Tape Shows Attacks On U.S. Troops

The people who produced a tape obtained by CBS News say it shows the real thing: attacks on U.S. forces videotaped by the men who carried them out. As CBS News Correspondent Allen Pizzey reports, they are members of a previously unheard-of Islamic fundamentalist group that calls itself Jaish Ansar al-Sunni.

The group appears to be an offshoot of another organization operating here that the U.S. says has ties to al Qaeda. Their stated aim is to kill Americans and set up an Islamic state in Iraq.

"The tape is certainly not only authentic but highly well-produced," says M.J. Gohel, a terrorism expert with the Asia-Pacific Foundation. "This is strong evidence. This only confirms what we have always suspected. That there is a foreign Islamic presence in Iraq."

The video showcases the group's arsenal and a deadly track record.

Spanish officials confirmed Tuesday night that identity cards shown on the tape belong to members of a group of seven Spanish intelligence officers killed in an ambush on Nov. 30. Until now, no one knew who did it. Other cards appear to be from a Canadian killed Jan. 5 while working for a U.S. contractor.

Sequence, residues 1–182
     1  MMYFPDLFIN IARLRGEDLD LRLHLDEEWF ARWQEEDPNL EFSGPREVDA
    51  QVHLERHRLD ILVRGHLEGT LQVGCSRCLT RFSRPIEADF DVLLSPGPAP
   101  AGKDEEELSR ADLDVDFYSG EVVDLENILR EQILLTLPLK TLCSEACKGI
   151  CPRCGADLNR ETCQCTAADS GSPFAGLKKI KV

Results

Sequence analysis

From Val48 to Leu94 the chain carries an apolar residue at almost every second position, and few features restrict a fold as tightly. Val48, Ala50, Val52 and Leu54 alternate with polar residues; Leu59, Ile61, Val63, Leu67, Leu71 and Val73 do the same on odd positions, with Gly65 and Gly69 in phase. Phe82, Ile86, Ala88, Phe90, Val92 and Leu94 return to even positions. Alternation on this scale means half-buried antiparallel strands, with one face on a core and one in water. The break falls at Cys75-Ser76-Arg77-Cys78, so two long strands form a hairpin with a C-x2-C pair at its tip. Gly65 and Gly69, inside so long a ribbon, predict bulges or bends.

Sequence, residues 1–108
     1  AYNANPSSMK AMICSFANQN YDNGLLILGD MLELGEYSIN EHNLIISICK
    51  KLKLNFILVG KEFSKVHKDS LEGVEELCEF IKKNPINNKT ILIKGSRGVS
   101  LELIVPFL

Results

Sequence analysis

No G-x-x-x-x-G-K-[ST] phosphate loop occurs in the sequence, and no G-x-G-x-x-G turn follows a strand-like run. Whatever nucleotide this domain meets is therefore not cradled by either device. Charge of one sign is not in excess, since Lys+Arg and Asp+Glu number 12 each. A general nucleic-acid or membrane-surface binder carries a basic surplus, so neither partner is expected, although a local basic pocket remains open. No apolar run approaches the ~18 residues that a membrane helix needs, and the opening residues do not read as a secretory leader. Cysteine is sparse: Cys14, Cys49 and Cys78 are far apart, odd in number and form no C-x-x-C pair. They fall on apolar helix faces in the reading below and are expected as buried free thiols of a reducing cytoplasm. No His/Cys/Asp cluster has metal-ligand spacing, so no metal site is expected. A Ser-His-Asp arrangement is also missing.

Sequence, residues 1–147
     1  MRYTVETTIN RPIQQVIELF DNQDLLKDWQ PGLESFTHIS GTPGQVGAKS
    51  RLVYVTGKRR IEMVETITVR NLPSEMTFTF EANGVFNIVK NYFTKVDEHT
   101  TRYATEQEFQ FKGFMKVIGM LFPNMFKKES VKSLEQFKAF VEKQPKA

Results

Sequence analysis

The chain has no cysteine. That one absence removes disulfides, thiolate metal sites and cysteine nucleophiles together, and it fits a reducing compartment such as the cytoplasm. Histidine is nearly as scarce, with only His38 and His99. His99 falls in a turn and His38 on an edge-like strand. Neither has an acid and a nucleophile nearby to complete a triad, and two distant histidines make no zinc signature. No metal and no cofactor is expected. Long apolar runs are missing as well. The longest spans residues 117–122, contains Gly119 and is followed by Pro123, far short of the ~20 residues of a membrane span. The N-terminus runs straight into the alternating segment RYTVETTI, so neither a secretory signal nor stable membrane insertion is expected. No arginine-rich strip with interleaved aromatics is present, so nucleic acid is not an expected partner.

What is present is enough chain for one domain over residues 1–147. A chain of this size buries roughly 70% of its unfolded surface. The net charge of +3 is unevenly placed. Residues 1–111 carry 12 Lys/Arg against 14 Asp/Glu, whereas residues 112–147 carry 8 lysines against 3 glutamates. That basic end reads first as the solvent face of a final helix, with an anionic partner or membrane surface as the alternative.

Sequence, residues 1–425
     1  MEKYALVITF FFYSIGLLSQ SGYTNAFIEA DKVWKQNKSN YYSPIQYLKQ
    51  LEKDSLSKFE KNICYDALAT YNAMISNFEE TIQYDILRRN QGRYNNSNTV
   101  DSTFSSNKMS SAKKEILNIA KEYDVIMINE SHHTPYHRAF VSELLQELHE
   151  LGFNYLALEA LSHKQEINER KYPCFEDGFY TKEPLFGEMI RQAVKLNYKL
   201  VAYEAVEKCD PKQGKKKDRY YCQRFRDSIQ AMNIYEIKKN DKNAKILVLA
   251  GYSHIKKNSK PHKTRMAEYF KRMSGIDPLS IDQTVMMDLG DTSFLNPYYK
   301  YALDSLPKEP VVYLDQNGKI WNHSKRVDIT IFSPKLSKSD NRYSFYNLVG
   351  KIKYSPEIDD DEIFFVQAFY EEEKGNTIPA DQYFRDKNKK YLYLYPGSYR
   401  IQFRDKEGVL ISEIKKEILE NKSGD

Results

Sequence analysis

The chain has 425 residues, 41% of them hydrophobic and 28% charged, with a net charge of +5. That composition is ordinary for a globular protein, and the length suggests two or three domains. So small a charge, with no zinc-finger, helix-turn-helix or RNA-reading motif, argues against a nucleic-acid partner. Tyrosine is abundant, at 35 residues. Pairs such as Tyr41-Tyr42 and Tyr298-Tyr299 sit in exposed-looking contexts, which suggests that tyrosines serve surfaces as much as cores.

But the most chilling sequence comes halfway through the 35-minute presentation. It features statements by six young men alleged to have subsequently carried out suicide missions.

The accents of at least three are non-Iraqi, and one speaks Kurdish.

The tape does not appear to have been made as propaganda for a wide audience but rather to be shown in secret; a tool to recruit young Iraqi men for suicide missions. If it succeeds it could raise the insurgency to a new level.

The journalist who obtained the videotape was told by the guerrillas that foreign fighters have carried out 70 percent of the attacks so far.

"They are supplying one single guide to the foreign fighters on the border and leading that foreign fighter, suicide bomber to his target as soon as possible," says journalist Phillip Smucker.

But Iraqi suicide bombers could blend into the crowd. American military officials admit that so far they have not identified a single bomber.

It is impossible to verify that these men actually carried out attacks, but claims made in the video match details of six bombing, including one in which six people died.

U.S. officials say they expect more of the same, which the Jaish al-Sunni video promises to deliver.